Dismount your donkey at the summit.
Some places in this world are very hard to climb, and people use animals. Each person can only ride one, and each animal might have a different name. The riders go up the trail in different orders, and they discuss their varying opinions about their experiences. They may even have conflicting opinions: One traveler may think the trip thrilling, another may find it terrifying, and a third may find it banal.
At the summit all the travelers stand in the same place. Each of them has the same chance to view the same vistas. The donkeys are put to rest and graze; they are not needed anymore.
We all travel the path of Tao. The donkeys are the various doctrines that each of us embraces. What does it matter which doctrine we embrace as long as it leads us to the summit? Your donkey might be a Zen donkey, mine might be a Tao donkey. There are Christian, Islamic, Jewish, and even Agnostic donkeys. All lead to the same place. Why poke fun at others over the name of their donkey? Aren’t you riding one yourself?
We should put aside both the donkeys and our interim experiences once we arrive at the summit. Whether we climbed in suffering or joy is immaterial; we are there. All religions have different names for the ways of getting to the holy summit. Once we reach the summit, we no longer need names, and we can experience all things directly.
Do all paths lead to god? If you google “do all paths lead to god” or “do all roads lead to god”, you will receive a great many hits. The answer is “no”, but why do people perpetuate such nonsense as this Tao Meditation suggests. Some would make a religion out of tolerance.
I got the Tao Meditation when I observed that my some of email partners were in fact insisting that all religious beliefs are equivalent. So I suggested that they read THE MYTH OF TOLERANCE, and I got the Tao Meditation in reply. Here is what I sent in return.
You obviously did not read the THE MYTH OF TOLERANCE. Traditional tolerance involves what we use to call forbearance. Forbearance occurs when agree to disagree. To tolerate Buddhists, Muslims or members of other religions, do I have to believe all religious beliefs are equal?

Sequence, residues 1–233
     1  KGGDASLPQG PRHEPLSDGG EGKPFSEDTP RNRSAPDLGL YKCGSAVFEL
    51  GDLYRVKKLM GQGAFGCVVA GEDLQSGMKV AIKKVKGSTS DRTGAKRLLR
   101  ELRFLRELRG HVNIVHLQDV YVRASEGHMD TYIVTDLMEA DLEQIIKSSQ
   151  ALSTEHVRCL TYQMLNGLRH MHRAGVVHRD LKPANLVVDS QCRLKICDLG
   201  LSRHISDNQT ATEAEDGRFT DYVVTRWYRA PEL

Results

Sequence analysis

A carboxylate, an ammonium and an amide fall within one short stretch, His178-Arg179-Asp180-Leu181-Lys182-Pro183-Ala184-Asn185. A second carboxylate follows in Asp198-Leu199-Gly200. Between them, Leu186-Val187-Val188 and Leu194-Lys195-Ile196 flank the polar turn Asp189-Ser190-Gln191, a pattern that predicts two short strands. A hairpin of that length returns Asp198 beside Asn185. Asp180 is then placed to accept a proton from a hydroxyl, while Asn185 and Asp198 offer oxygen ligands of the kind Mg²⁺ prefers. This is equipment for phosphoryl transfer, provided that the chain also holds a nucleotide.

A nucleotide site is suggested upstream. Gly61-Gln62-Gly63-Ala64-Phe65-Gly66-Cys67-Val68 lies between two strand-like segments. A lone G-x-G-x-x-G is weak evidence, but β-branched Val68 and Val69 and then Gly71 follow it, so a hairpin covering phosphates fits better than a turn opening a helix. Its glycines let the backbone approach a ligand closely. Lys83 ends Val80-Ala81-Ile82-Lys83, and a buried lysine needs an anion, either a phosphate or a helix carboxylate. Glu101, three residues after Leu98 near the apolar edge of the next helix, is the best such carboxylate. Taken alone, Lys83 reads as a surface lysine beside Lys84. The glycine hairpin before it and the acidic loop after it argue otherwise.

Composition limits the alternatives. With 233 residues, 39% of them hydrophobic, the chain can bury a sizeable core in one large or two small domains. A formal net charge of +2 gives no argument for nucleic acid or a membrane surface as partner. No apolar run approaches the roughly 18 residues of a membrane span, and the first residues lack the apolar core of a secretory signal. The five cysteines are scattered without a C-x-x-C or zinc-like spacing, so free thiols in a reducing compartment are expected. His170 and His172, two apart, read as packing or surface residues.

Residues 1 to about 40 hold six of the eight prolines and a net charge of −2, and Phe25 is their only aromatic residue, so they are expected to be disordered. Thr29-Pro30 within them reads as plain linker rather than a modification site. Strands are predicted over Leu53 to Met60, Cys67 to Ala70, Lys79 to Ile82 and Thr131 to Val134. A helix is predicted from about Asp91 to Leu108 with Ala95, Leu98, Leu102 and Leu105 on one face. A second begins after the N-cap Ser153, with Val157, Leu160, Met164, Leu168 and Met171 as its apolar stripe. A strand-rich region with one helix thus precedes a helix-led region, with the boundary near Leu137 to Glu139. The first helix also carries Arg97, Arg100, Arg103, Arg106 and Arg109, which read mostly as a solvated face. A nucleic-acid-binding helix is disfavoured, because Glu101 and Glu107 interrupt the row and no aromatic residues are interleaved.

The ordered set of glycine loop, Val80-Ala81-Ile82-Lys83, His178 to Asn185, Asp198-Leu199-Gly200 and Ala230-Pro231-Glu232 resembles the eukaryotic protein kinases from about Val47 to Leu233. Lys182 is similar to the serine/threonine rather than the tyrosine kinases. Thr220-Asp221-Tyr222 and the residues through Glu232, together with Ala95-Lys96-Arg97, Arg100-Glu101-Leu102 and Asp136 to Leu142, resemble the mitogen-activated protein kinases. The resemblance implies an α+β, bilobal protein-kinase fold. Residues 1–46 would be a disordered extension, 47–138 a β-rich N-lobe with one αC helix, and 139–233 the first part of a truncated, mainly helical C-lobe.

Your little donkey story is cute, but nonsense. I have no idea how many people other people have sacrificed to their gods, but number is considerable. Would the author of your donkey story calmly accept a religion that practices human sacrifice? Why not? What if some Satanic cult decided to sacrifice a friend of yours. Would you still feel “All lead to the same place”?
Is it possible some beliefs are too terrible to tolerate? If that is true, then is it also possible some of donkeys we agree to tolerate are much better than the others?
In a way, the donkey in the Tao Meditation is only too appropriate. When toleration is taken too far and distorted, we accomplish little but to make asses of ourselves. Unfortunately, this is the sort of thinking we have been teaching our children for years. We have put tolerance on a pedestal. It has gotten to the point that we even blame ourselves for the bad behavior of other people. Here is what we think.
If we could only be a little more tolerant and nicer, those other people would be nice to us.
We never stop to consider what others expect to find at the submit. In our pride, we assume everyone wants and seeks what we want and seek. Others sometime search for different peaks. Because we each can climb the mountain or descend into the abyss we have chosen, all paths do not lead to the same submit. Some paths don’t even go up.